1,336 posts

76 months

[news] 
Monday 14th February 2011 quote quote all
Orange Helpers said:
If your phone was found to be faulty outside of the first six months, and you do not have our Orange Care warranty and insurance package, we would advise you to contact the manufacturer to arrange repair under the manufacturer's warranty.
So, basically Orange's official policy is to shirk its legal obligations? Interesting.

marshalla

10,892 posts

87 months

[news] 
Monday 14th February 2011 quote quote all
Orange Helpers said:
Orange UK policy
Unfortunately for Darren - the law says something different. SoGA applies to mobile phones on contract too.

http://www.consumerdirect.gov.uk/after_you_buy/kno...

lingus75

1,433 posts

108 months

[news] 
Monday 14th February 2011 quote quote all
Just two of the points on the SOGA site quoted a few posts ago. They seem to be fairly clear to me.

"Remember, if you are entitled to a refund, replacement, repair or compensation, it is the trader who must sort out your problem. The trader cannot tell you to go back to the manufacturer or to claim through a guarantee or warranty"

"Your rights cannot be taken away by terms and conditions written into a notice, receipt, contract, warranty or guarantee"




Orange Helpers

5 posts

44 months

[news] 
Monday 14th February 2011 quote quote all
Hi

I confirm that our policies are in line with the Sale of Goods Act and in no way shirk our legal obligations.

The Consumer Direct site linked to above is a little unclear on what happens once a customer has had their phone more than a few weeks. I hope the information below may help to clarify this.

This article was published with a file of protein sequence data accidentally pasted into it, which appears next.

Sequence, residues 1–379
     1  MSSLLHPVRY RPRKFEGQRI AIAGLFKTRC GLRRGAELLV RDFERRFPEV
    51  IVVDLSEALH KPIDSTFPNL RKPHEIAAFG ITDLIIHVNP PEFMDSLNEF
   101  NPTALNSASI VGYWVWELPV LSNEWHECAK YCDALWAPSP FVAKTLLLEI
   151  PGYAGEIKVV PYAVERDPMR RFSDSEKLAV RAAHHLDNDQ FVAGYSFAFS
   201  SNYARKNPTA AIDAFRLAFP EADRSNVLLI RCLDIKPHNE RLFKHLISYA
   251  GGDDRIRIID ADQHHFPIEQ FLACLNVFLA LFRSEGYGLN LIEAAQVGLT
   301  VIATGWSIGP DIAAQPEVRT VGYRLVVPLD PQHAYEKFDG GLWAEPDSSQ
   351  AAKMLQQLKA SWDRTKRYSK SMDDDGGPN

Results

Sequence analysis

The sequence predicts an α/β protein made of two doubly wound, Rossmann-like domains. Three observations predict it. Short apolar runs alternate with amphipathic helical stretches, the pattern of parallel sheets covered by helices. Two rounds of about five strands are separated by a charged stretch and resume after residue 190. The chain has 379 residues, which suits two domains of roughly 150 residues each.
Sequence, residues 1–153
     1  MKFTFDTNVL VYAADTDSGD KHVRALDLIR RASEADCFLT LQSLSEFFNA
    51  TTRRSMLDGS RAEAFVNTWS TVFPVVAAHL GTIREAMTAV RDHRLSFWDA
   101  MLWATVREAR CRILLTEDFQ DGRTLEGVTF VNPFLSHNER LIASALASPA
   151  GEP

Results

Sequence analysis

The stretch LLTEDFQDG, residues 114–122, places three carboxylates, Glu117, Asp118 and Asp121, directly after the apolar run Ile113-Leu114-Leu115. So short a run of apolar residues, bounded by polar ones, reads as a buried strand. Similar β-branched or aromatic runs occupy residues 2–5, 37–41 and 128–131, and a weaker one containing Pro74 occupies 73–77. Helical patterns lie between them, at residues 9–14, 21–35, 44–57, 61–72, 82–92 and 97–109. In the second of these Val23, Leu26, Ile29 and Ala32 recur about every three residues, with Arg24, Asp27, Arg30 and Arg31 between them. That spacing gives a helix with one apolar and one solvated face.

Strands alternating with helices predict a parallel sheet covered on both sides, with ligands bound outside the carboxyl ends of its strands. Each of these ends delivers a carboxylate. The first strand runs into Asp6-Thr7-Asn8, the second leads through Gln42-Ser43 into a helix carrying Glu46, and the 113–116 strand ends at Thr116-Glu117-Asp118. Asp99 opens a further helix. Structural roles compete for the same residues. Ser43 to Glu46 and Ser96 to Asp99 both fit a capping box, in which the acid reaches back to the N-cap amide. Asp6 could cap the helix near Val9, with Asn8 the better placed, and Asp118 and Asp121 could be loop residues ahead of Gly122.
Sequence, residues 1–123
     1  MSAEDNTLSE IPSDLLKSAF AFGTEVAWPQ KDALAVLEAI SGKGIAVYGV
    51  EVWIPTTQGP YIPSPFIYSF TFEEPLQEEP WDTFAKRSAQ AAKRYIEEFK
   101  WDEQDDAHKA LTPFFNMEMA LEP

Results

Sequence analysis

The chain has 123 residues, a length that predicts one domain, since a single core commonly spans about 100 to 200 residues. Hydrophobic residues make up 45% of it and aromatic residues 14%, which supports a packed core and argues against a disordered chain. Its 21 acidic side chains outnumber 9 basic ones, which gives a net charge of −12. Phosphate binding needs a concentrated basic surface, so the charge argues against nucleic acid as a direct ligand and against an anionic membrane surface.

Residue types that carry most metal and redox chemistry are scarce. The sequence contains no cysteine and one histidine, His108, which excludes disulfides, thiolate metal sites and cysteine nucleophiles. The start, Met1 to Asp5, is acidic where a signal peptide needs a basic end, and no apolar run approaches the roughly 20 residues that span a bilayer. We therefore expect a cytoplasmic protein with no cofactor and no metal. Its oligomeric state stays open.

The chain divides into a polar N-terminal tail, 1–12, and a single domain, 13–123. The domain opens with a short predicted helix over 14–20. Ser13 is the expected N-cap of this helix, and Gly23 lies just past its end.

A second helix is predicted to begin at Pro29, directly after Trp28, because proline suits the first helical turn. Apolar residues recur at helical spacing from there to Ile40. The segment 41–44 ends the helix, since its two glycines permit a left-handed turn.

During the first six months any fault which is found on a phone is presumed to have been present at the time of purchase, as such it is the supplier’s responsibility to deal with the issue. As stated above, if the phone is purchased directly from Orange or from an Orange shop, we will send out a replacement at no charge.

After the first six months it is up to the customer to prove that the fault was present at the time of purchase before the supplier is obliged to offer a repair or replacement. As this may be difficult to prove, the easiest option for an Orange customer would be to to take advantage of any warranty they have through the manufacturer. This does not affect a customer's legal rights in any way.

I hope this helps.

Darren from Orange Helpers
Twitter: http://twitter.com/orangehelpers
Facebook: http://www.facebook.com/OrangeUK

marshalla

10,892 posts

87 months

[news] 
Monday 14th February 2011 quote quote all
Orange Helpers said:
Darren from Orange Helpers

Very helpfully quoted paragraphs similar to those used by consumer direct, but phrased to favour Orange somewhat.
Now Darren - if you look at Consumer Direct properly, you'll see this statement

Consumer direct said:
The trader must sort out your problem, not the manufacturer
Remember, if you are entitled to a refund, replacement, repair or compensation, it is the trader who must sort out your problem. The trader cannot tell you to go back to the manufacturer or to claim through a guarantee or warranty.
So, Darren, how does your policy of sending the consumer to the manufacturer comply with this ?


Edited by marshalla on Monday 14th February 16:47

Orange Helpers

5 posts

44 months

[news] 
Monday 14th February 2011 quote quote all
Hi marshalla

The passage you quote states "if you are entitled to a refund, replacement, repair or compensation". A customer would only be entitled to such a remedy if they were able to prove that the phone they had received from Orange had been faulty at time of purchase. If this was proven, then we would respond in line with the appropriate legislation.

As proving that a fault had been present on a phone purchased over six months ago may be time consuming for the customer, as well as difficult to prove, we advise to contact the manufacturer as the simplest resolution for our customers.

I hope this helps.

Darren from Orange Helpers
Twitter: http://twitter.com/orangehelpers
Facebook: http://www.facebook.com/OrangeUK

marshalla

10,892 posts

87 months

[news] 
Monday 14th February 2011 quote quote all
Orange Helpers said:
Hi marshalla

The passage you quote states "if you are entitled to a refund, replacement, repair or compensation". A customer would only be entitled to such a remedy if they were able to prove that the phone they had received from Orange had been faulty at time of purchase. If this was proven, then we would respond in line with the appropriate legislation.